MEXICO CITY — The world has changed since oil-seekers charged into Mexico early in this century and ran roughshod over small landowners sitting on suspected oil reserves. The day is long gone when oil companies financed troops to maintain the oil-field region in a permanent state of rebellion and thus tax-free. Today, no foreign investor would dream of defying an order of the Mexican Supreme Court, as the oil companies conspired to do in 1938.
In spite of the time elapsed, we Mexicans have not managed to purge ourselves of the memory of historic misbehavior. The lessons have been drilled into us since childhood: Petroleum is an invaluable raw material for chemical products, and it is a shame to burn it. Until we find a substitute source of energy, we should exploit only enough for our own needs. Oil in the ground will not disappear; money in the hand seems to blow away easily, leaving nothing behind. It would be a sin to sell our children's patrimony just so a profligate First World can burn it.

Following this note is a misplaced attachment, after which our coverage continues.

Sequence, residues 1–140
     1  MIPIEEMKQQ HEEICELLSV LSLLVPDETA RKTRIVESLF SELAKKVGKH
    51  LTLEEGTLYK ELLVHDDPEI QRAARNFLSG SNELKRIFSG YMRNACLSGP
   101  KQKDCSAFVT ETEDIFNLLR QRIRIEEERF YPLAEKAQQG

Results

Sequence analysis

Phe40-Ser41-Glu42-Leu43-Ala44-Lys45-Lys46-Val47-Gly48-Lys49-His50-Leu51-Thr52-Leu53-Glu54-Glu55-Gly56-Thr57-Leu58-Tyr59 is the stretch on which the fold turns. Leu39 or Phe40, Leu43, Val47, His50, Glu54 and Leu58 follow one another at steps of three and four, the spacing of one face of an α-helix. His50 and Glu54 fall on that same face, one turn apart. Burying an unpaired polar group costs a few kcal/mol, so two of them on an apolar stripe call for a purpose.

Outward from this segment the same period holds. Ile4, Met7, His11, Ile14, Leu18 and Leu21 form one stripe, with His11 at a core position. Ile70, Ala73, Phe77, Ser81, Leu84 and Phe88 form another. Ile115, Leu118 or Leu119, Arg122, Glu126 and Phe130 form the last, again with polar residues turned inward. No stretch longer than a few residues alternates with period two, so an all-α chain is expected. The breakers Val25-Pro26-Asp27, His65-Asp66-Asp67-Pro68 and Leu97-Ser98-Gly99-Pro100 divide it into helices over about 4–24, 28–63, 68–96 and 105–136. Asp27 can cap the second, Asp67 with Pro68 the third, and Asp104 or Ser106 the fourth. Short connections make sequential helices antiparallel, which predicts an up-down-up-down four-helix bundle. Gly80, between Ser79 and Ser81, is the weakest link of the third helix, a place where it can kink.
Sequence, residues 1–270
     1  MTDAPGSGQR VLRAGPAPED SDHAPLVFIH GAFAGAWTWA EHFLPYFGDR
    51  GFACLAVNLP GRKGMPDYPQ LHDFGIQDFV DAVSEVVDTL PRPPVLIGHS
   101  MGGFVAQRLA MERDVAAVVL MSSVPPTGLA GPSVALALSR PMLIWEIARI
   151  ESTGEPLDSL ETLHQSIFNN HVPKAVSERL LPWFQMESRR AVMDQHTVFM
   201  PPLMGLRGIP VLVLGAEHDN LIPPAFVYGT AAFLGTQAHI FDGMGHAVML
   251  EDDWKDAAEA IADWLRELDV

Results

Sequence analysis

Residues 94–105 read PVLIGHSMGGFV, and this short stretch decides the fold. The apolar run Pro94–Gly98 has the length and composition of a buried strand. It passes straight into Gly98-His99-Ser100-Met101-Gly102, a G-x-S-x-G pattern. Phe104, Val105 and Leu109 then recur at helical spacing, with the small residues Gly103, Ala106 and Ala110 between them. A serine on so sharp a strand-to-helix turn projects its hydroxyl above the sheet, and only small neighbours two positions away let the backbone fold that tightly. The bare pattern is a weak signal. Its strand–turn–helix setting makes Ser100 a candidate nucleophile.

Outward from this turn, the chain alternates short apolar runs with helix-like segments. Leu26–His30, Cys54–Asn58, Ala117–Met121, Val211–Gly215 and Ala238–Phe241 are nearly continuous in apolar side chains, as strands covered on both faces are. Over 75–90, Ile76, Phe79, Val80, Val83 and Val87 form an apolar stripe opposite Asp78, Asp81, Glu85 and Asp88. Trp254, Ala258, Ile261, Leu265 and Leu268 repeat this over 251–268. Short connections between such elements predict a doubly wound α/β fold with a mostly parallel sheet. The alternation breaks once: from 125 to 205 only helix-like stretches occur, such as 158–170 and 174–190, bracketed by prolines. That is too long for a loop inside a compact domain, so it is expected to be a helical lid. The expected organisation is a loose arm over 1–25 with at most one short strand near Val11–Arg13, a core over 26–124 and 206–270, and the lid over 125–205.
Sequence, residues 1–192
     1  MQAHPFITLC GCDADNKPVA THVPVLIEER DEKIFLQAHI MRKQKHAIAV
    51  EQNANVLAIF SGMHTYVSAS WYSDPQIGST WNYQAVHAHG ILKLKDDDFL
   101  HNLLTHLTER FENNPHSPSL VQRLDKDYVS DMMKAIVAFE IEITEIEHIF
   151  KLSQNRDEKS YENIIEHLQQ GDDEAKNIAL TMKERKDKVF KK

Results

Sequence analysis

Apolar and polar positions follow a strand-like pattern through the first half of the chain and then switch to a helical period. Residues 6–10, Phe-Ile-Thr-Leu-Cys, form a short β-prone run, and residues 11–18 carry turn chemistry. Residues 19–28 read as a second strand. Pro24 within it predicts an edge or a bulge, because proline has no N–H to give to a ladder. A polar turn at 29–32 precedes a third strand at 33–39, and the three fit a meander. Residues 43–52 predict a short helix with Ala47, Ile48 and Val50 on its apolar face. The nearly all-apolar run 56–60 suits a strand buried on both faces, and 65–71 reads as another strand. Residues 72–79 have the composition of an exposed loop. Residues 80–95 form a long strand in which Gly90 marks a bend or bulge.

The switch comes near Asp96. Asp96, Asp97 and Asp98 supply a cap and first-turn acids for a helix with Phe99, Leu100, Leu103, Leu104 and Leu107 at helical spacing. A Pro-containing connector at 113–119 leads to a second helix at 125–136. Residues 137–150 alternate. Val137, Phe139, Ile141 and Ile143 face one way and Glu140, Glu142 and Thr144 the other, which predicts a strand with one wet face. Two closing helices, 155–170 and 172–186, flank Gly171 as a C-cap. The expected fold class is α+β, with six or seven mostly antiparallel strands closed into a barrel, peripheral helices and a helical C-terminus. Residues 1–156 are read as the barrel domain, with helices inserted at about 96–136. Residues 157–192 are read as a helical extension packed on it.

But a country does not always practice what it preaches. In the late 1970s and early '80s, we had a president who violated his trust, and his successors have had to continue exporting oil in order to pay the foreign debts acquired before their time.